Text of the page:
21 December 2011

Book Review: Eragon grows up in "Inheritance," so does Author Christopher Paolini

Image from www.algaesia.com
In the final installment of the Inheritance Cycle — which began with fifteen-year-old farm boy orphan Eragon finding a blue stone that hatched into a dragon — both Eragon and author Christopher Paolini have grown up since they were fifteen. Without revealing any of the book’s surprises (and it is a challenge to say much of value about Inheritance with that constraint) what can be safely said is that Paolini has written a masterful end to his much-loved saga.

What began as an epic that felt oddly like a mishmash of previous greats Lord of the Rings, Dragonriders of Pern, Harry Potter, and Star Wars has become a story in its own right — sort of. 

Some of the old complaints still stand. The overly-fancified language and sometimes-clunky phrasing are still present, albeit at a lesser level than previous installments. One  particularly awkward remaining element is Angela the herbalist, a Mary-Sue caricature of the author’s sister Angela with one major instance of save-the-day superpowers and a mysterious never-explained past for which Paolini apologizes in his Acknowledgements, claiming “she wouldn’t be half so interesting if we knew everything about her.”

Other old issues have improved. Paolini handles inclusion of made-up languages much better in Inheritance. It is unnecessary to flip to the glossary in order to follow the storyline. Paolini identifies phrases that are spells, making it clear that understanding the exact words is unimportant; or he provides a translation in the next line; or he sticks with words readers are already well-familiar with such as brisingr, the word for fire, which is Eragon’s favored spell and the name of his sword.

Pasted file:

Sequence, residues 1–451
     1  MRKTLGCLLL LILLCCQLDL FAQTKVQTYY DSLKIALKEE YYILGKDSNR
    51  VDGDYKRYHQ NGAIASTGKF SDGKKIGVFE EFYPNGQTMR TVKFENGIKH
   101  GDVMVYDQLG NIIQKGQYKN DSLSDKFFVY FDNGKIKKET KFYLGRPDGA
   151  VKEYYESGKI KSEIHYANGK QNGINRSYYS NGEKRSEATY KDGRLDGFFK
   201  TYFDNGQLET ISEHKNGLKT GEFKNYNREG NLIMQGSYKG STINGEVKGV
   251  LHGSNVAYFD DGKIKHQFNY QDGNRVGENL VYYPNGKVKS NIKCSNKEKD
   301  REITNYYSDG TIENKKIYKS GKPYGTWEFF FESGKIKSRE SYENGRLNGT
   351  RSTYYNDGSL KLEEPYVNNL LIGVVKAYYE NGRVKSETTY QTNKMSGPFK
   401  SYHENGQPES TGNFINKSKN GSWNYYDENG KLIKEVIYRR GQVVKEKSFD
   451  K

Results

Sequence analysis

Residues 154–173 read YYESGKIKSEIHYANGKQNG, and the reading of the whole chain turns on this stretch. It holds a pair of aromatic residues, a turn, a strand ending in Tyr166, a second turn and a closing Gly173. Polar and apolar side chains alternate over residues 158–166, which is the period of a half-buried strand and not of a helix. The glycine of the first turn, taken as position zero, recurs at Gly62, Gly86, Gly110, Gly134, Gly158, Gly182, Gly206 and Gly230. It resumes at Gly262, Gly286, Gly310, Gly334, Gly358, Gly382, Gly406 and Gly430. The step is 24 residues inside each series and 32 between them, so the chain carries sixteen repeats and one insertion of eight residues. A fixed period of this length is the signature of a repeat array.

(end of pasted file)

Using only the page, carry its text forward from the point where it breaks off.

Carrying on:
In spite of the old shortcomings, Paolini made great strides in Inheritance. The story is captivating, the plot twists in fascinating ways, and the characters are better-developed.

We finally meet Galbatorix, the evil king of Algaësia, who has been the off-stage villain throughout the first three books. Little information was previously provided about Galbatorix, and so Paolini was free to let his newly-honed writing skills shine. Galbatorix is a disturbingly realistic villain with ideas about justice and fairness that are, on occasion, frighteningly easy to agree with. He is also pitiless: his scenes are high-tension and often horrifying.

Eragon himself takes on more depth, shows emotion, and struggles with heavy themes: the isolation of the powerful, self-knowing and acceptance, and making the right decision when it is the exact opposite of what you want.

The Varden, the organization rebelling against Galbatorix, springs to life with more color and vibrancy. The rebels deal with the issue of peaceful coexistence of radically different cultures — their allies the warlike horned Urgals present a unique challenge to any hope of extended peace. “When our young ones have grown, they will want battles in which to prove themselves,” explains the Urgal warchief. “If there are no battles, then they will start them [...] we cannot change who we are.”

We cannot change who we are is a problem woven through Inheritance. And we cannot be what we are not. A nonmagic person cannot learn to use magic: they are at the mercy of the magic-users. This inequality created by magic deeply disturbs many characters. How to maintain justice and fairness in such a world is a serious problem for every character attempting to plan the future of Algaësia.

The most fascinating characters and the key nonmagical humans, Varden leader Nasuada and Eragon’s cousin Roran Stronghammer also shine in the 849 pages of Paolini’s Inheritance. They are some of his best and most original creations. Despite the well-based criticisms of Paolini’s Inheritance Cycle, the young writer is on to something good and has written a highly-enjoyable finale to the story he started over ten years ago. It is to be hoped that the bestselling tale of Algaësia is not the only story we will ever hear from Paolini.


I very much enjoyed Inheritance, particularly due to my longtime fascination with the series and its author which I wrote about in an earlier post. I highly recommend Inheritance to anybody with any particular love for the stories, no matter what previous grievances you may have had with it. Out of an insane amount of respect for those of you who haven't read it, I refrained from mentioning several major plot points in this review. Please please please go read the book so we can argue and/or get very excited about them!

I also admire the hell out of Paolini, whose name I have recently learned to correctly pronounce! Those of you who are writers may enjoy the following articles by Paolini:
Now You!
Have you read Inheritance yet? If so, do you agree with my assessment of the evolution of Paolini's writing?